Tag Archives: Cockenoe Island

RTM 101: You Keep Hearing About It. What Does It Do?

The leaf blower ordinance. Wheels2U. Affordable housing.

If you follow those stories, you may know that the RTM has a hand in them. But what is “the RTM”? Who are these people, and what do they do?

Velma Heller knows. For 20 years, she was one of them. And for much of that time, she was its leader (“moderator”).

As Westport gears up for local elections this fall, Velma gives “06880” the DL on the RTM.

As a retired member of Westport’s RTM, would like to share some of the reasons you might be interested in becoming part of this unique experience in town government.

Velma Heller

For me, getting involved in our legislative body was exhilarating, an opportunity to learn and grow as I also formed lasting relationships with my colleagues.

I, like so many before me, became a link in the lineage of town legislators that helped to shape the town we call home.

Westport’s Representative Town Meeting (RTM) became the legislative body of the town in 1949, replacing the historic New England Town Meeting with a non-partisan representative form of government. It was designed to provide effective self- rule for a growing population.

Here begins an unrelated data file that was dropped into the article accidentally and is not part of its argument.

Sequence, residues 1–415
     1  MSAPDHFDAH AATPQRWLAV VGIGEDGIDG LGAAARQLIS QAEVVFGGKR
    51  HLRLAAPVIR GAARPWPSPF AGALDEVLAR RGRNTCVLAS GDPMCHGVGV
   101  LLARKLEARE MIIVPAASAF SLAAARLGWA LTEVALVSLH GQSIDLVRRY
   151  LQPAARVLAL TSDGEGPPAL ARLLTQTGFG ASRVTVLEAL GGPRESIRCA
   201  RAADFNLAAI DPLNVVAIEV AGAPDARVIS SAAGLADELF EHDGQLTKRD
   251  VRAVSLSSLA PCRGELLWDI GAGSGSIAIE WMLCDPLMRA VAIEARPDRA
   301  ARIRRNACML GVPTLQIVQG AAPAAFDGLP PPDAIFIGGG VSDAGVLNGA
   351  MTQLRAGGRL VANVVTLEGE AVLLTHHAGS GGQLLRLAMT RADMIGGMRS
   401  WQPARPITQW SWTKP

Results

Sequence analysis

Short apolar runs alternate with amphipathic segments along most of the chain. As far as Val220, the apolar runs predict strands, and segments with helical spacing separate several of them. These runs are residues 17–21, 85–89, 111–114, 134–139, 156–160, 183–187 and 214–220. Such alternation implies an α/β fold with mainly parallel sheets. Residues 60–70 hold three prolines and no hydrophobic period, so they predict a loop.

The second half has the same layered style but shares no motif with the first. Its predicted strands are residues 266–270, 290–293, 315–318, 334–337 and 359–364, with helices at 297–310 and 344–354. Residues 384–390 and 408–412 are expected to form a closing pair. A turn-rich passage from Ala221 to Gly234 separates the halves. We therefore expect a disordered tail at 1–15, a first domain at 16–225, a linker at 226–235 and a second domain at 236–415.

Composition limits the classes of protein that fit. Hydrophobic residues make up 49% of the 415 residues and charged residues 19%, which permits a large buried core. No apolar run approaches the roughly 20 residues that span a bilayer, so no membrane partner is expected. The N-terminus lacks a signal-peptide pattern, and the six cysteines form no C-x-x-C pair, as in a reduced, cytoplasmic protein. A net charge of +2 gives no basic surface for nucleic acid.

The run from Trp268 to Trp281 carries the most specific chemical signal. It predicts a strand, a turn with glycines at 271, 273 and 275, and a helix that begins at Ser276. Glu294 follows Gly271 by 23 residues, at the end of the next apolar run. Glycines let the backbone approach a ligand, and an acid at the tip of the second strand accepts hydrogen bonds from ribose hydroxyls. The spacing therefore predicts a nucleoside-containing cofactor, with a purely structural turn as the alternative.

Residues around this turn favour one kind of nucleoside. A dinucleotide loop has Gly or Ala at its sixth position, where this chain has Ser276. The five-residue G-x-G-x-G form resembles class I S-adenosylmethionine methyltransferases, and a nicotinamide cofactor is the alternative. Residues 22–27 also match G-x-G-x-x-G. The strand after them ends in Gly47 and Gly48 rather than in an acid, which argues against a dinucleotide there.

The town was divided into 6 RTM districts. Each member represented 250 electors, and serving for 2 years. Over time the number of districts and representatives per district was modified to accommodate population changes. Today there are 9 districts. with 4 members per district.

To manage its many responsibilities, the RTM formed committees that study issues in depth, then report back to the full body for debate.

Westport citizens developed a form of government that represented the unique character and history of the town. It continues to this date. All Westporters are part of the tradition. What began as a new practice has become a time-honored institution of governance for our town.

Since its inception almost 75 years ago, Westport’s electors have assembled an extraordinary body of dedicated citizens to represent them: farmers, merchants, business people, corporate executives, writers, artists, architects, journalists, engineers, lawyers, educators, stay-at-home moms and dads, doctors, dentists, retirees. People from all walks of life resolve issues facing the town.

In the early years and beyond, local legislators focused on making our town a viable, comfortable community. They created town roads and drainage, and budgeted for school buildings — addressing the challenges of expansion, changing demographics and economic factors.

Over the years they directed attention and debate to funding land acquisition for town purposes such as commuter parking lots, Longshore, Cockenoe Island (to prevent a nuclear power plant off our shore), the Baron’s North property, (Winslow Park) as open space and the Baron’s South property, now the site of the Senior Center.

As the town entered the 21st century the RTM continued exercising its powers: to approve, reduce or restore appropriations; approve ordinances; approve certain appointments, and overturn certain P&Z text amendments.

Always at top of mind has been the balancing act required to address the wide range of pressing town needs that come before the body.